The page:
The recent Stack Overflow podcast is fantastic! Check it out here. Their fantasticness might have to do with Jeff and Joel answering listener questions more than directionless rambling. Some of the questions were interesting, and I want to add to their answers.
The one on time management
Like Jeff, I don’t really have a system. Like Joel, I got halfway through Getting Things Done and I decided the whole system is still too complex and I could have actually done something already. The concept of transferring tasks from your brain onto something, like paper (have a look at Todoodlist) or a PDA or a computer, is great though. I use my mobile phone to keep track of personal tasks, and the Outlook calendars and tasks to keep track of office work.
That said, my “system” if you want to call it that, is to keep people from annoying me.
Given similar levels of urgency, first do that task which has the most number of people irritating you.
It’s served me well so far.
The one on code review
I’ve never had a code review of my code. It’s not that I’m that good (it helped though), or I’m a pompous buffoon (I’m not). It’s that the people I’ve worked with, don’t care about code quality but more about whether the software worked. When the software failed, or was slow, then the code was checked.
The other reason is the small team I’m currently working in. There’s no one else available to check my code. My team leader trusts that I do my job and I’m grateful for that. The downside is, I don’t have anyone to talk to in my team. I’m the .NET guy! Or the front-end guy.
This is getting depressing. Moving on…
The one on interviews
I don’t know what it’s like in America, where the geographical context of Jeff and Joel’s conversation is. What I do know is, there was only one interview where I had to read and explain some code. It was something to do with string concatenation optimisation in Java. I believe it was an actual production issue, and the interviewers wanted to get a free answer from the interviewees.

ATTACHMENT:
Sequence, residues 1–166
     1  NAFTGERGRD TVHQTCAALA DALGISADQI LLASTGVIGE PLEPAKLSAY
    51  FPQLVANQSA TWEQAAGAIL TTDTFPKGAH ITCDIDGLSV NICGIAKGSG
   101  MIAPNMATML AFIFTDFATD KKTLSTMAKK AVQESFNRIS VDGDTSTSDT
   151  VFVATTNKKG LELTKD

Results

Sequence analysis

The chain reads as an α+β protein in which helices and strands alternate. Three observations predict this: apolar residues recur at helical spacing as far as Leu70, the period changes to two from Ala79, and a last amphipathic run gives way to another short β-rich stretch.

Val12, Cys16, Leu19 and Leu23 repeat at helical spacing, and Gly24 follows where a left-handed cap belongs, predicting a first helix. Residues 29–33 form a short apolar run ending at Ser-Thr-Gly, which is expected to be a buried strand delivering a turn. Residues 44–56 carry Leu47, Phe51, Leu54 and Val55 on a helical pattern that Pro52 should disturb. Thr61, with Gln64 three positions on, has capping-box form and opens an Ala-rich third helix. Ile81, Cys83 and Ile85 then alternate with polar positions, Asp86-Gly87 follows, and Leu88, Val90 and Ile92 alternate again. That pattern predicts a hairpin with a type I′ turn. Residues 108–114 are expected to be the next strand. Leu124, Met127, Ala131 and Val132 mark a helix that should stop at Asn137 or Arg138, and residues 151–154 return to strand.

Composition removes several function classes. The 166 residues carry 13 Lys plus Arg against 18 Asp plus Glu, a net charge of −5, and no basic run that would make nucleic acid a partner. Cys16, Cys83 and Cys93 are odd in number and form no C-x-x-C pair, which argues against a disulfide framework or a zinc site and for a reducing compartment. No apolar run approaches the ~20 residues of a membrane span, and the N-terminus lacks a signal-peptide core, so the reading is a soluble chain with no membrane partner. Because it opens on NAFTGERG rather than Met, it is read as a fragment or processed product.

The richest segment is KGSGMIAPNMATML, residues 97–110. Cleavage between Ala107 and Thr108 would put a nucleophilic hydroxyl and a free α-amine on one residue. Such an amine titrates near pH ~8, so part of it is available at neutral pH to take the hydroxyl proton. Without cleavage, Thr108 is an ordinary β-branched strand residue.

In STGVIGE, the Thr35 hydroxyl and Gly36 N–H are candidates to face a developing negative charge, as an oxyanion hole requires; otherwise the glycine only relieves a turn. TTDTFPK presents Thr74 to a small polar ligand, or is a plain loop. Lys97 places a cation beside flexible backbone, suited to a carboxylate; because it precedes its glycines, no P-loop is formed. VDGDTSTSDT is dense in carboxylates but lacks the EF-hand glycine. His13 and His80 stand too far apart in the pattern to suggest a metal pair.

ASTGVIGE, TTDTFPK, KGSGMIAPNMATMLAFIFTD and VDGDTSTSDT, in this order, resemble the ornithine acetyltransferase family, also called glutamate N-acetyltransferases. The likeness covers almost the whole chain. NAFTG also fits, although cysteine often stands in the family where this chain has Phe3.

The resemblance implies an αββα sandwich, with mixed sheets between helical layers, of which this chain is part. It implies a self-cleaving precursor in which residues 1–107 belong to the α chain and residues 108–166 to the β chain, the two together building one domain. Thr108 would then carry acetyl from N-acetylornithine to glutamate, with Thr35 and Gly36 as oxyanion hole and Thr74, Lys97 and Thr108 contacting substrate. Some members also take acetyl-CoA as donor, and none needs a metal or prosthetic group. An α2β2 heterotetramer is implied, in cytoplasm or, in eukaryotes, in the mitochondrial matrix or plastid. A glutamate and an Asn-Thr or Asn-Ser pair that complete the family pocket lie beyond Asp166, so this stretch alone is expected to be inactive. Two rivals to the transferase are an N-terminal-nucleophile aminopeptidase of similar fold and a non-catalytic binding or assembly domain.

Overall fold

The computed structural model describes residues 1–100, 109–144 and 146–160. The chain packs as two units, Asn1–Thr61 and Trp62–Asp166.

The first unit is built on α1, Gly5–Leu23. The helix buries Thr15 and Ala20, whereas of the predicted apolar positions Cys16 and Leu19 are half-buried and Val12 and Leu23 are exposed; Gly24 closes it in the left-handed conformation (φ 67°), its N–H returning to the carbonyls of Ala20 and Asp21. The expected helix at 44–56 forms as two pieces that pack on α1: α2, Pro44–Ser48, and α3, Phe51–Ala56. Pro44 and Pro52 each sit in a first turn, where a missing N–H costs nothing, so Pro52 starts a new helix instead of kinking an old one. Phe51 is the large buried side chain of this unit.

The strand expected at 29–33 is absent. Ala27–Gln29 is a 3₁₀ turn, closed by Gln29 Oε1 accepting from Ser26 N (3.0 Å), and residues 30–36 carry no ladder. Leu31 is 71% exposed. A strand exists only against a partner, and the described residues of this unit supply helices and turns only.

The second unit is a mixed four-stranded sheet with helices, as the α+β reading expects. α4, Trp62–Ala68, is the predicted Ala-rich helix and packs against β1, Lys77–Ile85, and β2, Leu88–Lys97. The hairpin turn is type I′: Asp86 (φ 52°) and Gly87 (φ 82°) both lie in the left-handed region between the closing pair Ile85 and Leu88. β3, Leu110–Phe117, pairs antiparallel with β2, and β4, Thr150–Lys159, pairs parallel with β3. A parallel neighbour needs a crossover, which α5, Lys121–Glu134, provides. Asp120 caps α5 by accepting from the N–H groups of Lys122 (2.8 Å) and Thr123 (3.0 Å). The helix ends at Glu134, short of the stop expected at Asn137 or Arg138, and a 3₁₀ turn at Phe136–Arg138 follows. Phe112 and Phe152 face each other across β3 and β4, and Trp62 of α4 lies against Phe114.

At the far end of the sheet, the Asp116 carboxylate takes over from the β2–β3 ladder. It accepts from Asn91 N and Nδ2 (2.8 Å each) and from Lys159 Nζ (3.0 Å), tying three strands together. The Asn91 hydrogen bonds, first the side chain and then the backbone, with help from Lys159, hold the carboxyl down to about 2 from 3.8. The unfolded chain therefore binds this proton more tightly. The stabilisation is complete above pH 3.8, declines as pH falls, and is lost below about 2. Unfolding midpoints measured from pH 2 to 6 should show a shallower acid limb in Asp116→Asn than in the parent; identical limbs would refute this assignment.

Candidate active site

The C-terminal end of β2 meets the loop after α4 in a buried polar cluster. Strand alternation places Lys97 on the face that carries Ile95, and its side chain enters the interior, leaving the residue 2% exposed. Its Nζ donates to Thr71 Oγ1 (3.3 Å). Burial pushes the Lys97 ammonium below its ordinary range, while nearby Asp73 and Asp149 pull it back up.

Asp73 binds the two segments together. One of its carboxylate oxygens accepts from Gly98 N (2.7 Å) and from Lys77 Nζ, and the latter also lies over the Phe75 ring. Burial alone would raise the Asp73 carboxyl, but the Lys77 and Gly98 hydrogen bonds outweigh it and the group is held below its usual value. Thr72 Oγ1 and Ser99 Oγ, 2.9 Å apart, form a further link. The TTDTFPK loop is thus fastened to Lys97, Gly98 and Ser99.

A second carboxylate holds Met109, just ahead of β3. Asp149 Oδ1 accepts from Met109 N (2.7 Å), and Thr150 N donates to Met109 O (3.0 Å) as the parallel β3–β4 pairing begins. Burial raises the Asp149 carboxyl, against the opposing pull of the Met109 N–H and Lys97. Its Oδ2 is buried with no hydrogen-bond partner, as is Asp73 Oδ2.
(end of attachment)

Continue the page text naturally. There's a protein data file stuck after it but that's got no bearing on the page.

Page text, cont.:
Just go prepared. Read up on the company, prepare some questions of your own and revise some of the basic programming stuff. It might look bad if you asked for access to Google so you can find out the parameter signature of a basic function.
[Update] Joel also mentioned something about suits. If you’re not used to wearing office wear, and the company you’re interviewing for requires you to wear suits, well guess what? Practise wearing suits. My current job only required me to wear a long sleeved shirt, pants and (leather) shoes. And belts help too. Don’t you read fashion magazines? *smile* I remember squirming in that alien outfit for my first few interviews because I’m not used to wearing them… Don’t be like me.
I’ve heard of the puzzle questions in Microsoft and Google interviews. I’ve actually had one too. The puzzle had something to do with a cube.
The ones on managerial role and outsourcing
I’m linking them together because my answer is related to both: Offshoring. Occasionally, I’m in charge of a developer stationed in China. I had to write out instructions, program specifications, design layout and database table structures.
The only code reviews ever done was on the code of our Chinese colleagues. We’re (as in the Singapore team) supposed to be training them.
As I understand it, outsourcing means you delegate tasks to another company, usually in another country. Offshoring means you delegate tasks to another part of the mother company in another country.
Oh, you might want to read about my first outsourcing episode.
And that’s all from me. If you hadn’t done so, go listen to the podcast.